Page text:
Insurer Phoenix Group sees annual losses widen by £1bn as asset values dive amid economic uncertainty
- Higher yields and inflation and wider credit spreads hit its investment returns
- Phoenix Group went from a £709m loss in 2021 to a £1.76billion loss last year
- Assets under administration plunged by £51bn amid rising economic volatility
Phoenix Group losses skyrocketed by £1billion last year following a decline in the value of assets backing the company’s pension schemes.
The savings giant reported a £1.76billion loss for 2022, having up from £709million the previous year, as increasing yields, inflation and a widening of credit spreads impacted its investment returns.
Losses were further impacted by an accounting discrepancy from retirement schemes that were the subject of buy-ins.
Earnings: The savings giant reported a £1.76billion loss for 2022 as increasing yields, inflation and a widening of credit spreads impacted its investment returns
Meanwhile, assets under administration plunged by £51billion amid rising volatility exacerbated by former Prime Minister Liz Truss’s controversial mini-budget last September.
Yet unlike many other insurers, the firm does not participate in the liability-driven investment (LDI) market, which endured considerable pressure following the budget.
Phoenix did receive numerous collateral calls on its hedging instruments in the aftermath of the fiscal statement but was able to satisfy all of them.
The FTSE 100 company also continued to complete some major buy-ins of bulk purchase annuities, whereby pension schemes acquire an insurance policy that helps ensure all future payouts and benefits are made to members.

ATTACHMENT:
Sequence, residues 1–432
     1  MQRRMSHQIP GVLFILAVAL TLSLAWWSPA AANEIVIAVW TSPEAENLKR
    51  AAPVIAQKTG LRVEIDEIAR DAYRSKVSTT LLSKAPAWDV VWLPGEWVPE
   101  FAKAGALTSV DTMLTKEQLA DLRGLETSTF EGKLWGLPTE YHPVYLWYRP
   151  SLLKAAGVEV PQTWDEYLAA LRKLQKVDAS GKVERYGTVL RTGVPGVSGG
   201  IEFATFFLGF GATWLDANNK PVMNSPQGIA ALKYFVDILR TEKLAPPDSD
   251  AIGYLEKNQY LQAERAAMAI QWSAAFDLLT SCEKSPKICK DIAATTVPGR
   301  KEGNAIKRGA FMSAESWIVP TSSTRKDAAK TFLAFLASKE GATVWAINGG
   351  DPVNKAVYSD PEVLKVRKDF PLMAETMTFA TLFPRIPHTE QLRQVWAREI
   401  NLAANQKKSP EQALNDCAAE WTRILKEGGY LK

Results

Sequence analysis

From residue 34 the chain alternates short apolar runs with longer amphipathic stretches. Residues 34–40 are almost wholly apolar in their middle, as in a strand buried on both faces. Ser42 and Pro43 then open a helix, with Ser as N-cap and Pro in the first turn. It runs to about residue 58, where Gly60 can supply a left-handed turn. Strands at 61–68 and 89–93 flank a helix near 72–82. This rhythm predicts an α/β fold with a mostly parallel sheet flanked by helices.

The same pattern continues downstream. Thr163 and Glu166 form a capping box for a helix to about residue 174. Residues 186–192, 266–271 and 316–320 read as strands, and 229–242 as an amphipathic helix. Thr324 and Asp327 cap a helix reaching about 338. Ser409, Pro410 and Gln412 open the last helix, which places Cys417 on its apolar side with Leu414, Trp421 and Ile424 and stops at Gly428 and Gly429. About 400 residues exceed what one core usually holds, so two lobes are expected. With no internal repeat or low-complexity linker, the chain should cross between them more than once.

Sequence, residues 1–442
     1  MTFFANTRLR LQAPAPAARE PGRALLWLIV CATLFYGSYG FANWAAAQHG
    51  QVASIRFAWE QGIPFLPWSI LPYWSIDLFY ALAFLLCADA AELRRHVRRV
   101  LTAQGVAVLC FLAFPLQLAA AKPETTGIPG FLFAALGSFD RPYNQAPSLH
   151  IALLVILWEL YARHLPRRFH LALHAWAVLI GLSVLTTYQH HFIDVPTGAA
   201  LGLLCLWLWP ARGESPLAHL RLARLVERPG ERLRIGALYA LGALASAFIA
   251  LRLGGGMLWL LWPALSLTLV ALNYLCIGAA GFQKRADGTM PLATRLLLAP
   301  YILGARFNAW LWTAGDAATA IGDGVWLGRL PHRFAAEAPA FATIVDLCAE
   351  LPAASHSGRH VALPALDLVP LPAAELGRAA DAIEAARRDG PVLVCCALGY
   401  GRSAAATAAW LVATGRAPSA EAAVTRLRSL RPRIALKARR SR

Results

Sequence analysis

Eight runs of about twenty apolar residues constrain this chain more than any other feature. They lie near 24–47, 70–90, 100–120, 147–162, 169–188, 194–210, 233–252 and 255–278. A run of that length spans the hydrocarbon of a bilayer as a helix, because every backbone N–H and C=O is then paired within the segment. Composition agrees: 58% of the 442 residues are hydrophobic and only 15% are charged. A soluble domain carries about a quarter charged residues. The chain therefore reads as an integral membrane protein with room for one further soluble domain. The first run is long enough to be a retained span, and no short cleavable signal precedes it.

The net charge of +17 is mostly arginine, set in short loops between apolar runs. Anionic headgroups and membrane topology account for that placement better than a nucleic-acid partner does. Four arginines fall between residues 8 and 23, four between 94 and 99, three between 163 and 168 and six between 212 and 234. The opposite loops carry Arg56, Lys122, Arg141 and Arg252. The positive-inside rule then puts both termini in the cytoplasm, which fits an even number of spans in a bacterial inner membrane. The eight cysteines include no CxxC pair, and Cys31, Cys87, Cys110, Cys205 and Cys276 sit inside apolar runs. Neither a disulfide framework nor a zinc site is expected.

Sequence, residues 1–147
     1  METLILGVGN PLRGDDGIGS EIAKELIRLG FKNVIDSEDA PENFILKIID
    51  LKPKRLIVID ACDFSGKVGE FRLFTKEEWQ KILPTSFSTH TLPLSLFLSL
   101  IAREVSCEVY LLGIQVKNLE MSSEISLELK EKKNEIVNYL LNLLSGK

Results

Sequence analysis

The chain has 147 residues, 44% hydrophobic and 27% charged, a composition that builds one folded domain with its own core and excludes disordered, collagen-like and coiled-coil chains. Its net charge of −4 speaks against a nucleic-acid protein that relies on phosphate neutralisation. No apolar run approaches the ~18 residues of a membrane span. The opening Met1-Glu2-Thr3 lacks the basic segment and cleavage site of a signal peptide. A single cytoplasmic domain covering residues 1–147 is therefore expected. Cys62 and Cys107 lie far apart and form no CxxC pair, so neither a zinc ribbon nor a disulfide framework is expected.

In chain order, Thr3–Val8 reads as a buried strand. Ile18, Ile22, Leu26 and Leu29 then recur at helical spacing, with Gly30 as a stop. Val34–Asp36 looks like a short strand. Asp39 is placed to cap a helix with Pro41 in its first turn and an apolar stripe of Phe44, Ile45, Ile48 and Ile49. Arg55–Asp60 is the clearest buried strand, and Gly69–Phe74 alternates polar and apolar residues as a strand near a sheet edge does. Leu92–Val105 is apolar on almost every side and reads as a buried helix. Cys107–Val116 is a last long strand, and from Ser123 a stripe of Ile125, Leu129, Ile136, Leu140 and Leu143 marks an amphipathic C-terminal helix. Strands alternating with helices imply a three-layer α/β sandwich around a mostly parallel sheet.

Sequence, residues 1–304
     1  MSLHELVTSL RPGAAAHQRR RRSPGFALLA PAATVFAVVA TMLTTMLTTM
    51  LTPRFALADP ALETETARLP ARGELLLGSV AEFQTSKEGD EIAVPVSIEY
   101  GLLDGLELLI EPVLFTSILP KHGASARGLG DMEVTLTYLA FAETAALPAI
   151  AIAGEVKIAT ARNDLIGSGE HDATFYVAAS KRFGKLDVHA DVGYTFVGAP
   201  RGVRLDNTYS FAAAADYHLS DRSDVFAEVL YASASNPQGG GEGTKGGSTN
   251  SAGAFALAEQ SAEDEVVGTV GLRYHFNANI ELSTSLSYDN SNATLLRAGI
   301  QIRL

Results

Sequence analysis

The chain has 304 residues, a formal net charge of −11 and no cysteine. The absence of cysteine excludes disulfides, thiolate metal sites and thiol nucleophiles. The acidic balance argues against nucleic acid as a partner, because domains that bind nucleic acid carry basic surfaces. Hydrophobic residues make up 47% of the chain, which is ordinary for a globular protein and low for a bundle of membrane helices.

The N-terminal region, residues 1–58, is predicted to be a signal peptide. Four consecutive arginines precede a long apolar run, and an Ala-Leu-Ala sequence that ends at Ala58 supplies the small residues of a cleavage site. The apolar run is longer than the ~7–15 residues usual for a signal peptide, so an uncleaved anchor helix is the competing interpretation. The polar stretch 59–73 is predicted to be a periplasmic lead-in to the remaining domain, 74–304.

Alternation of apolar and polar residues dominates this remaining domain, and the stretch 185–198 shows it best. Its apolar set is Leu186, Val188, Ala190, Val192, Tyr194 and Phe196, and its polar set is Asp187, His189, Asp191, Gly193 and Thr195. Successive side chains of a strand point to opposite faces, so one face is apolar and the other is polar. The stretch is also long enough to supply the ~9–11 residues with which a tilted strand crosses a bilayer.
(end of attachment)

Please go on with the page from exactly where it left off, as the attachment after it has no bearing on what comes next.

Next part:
Within a week between late October and early November, its Standard Life arm secured a £530million buy-in with the Cobham Pension Plan and a £200m buy-in deal with the Agfa UK Group Pension Plan.
Other BPA transactions agreed during the year included ones with the WH Smith Pension Trust, which is worth £1billion, the pension scheme of Premier Inn owner Whitbread Group, and the Findel Group Pension Fund.
These large deals helped boost Phoenix’s cash generation levels above its expected target range to £1.5billion and achieve record new business growth of £1.2billion.
Company bosses have recommended a 5 per cent uplift in its final dividend in reflection of these results, in addition to the impending takeover of Sun Life of Canada UK.
Despite continued political and economic uncertainty affecting the UK economy, Phoenix is confident on its trading outlook for the year ahead.
Andy Briggs, the firm’s chief executive, said: ‘It is clear that 2023 will present a challenging economic backdrop. However, our business model is designed to be resilient throughout the economic cycle.
‘Our comprehensive hedging approach is designed to protect our Solvency capital position from the majority of the market risks we are exposed, while the key areas of structural market growth we are focused on remain attractive.’
Phoenix Group Holdings shares were 2 per cent lower at 605.2p during Monday lunchtime, although they have lost approximately 16 per cent of their value in the past 12 months.